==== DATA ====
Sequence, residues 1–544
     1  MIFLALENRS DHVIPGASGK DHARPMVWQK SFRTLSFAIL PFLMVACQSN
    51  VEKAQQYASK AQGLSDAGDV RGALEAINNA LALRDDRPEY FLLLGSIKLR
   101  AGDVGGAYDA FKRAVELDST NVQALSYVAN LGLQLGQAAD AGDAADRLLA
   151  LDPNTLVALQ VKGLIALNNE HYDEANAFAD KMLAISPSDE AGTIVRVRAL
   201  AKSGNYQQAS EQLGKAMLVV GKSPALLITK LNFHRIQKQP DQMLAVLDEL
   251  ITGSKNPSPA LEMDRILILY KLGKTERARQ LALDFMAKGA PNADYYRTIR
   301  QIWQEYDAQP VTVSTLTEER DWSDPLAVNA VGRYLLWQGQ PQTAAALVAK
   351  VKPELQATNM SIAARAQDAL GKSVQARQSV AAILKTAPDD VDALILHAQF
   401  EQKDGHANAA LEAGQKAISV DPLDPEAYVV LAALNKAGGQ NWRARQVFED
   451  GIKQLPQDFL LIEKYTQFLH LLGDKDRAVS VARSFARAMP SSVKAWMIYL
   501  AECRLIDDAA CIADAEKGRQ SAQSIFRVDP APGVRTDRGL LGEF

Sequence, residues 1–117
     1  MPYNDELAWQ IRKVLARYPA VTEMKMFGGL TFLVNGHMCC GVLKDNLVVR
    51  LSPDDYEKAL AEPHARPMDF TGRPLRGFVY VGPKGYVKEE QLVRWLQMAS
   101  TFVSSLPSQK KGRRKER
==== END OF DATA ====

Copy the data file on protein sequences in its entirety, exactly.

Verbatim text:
Sequence, residues 1–544
     1  MIFLALENRS DHVIPGASGK DHARPMVWQK SFRTLSFAIL PFLMVACQSN
    51  VEKAQQYASK AQGLSDAGDV RGALEAINNA LALRDDRPEY FLLLGSIKLR
   101  AGDVGGAYDA FKRAVELDST NVQALSYVAN LGLQLGQAAD AGDAADRLLA
   151  LDPNTLVALQ VKGLIALNNE HYDEANAFAD KMLAISPSDE AGTIVRVRAL
   201  AKSGNYQQAS EQLGKAMLVV GKSPALLITK LNFHRIQKQP DQMLAVLDEL
   251  ITGSKNPSPA LEMDRILILY KLGKTERARQ LALDFMAKGA PNADYYRTIR
   301  QIWQEYDAQP VTVSTLTEER DWSDPLAVNA VGRYLLWQGQ PQTAAALVAK
   351  VKPELQATNM SIAARAQDAL GKSVQARQSV AAILKTAPDD VDALILHAQF
   401  EQKDGHANAA LEAGQKAISV DPLDPEAYVV LAALNKAGGQ NWRARQVFED
   451  GIKQLPQDFL LIEKYTQFLH LLGDKDRAVS VARSFARAMP SSVKAWMIYL
   501  AECRLIDDAA CIADAEKGRQ SAQSIFRVDP APGVRTDRGL LGEF

Sequence, residues 1–117
     1  MPYNDELAWQ IRKVLARYPA VTEMKMFGGL TFLVNGHMCC GVLKDNLVVR
    51  LSPDDYEKAL AEPHARPMDF TGRPLRGFVY VGPKGYVKEE QLVRWLQMAS
   101  TFVSSLPSQK KGRRKER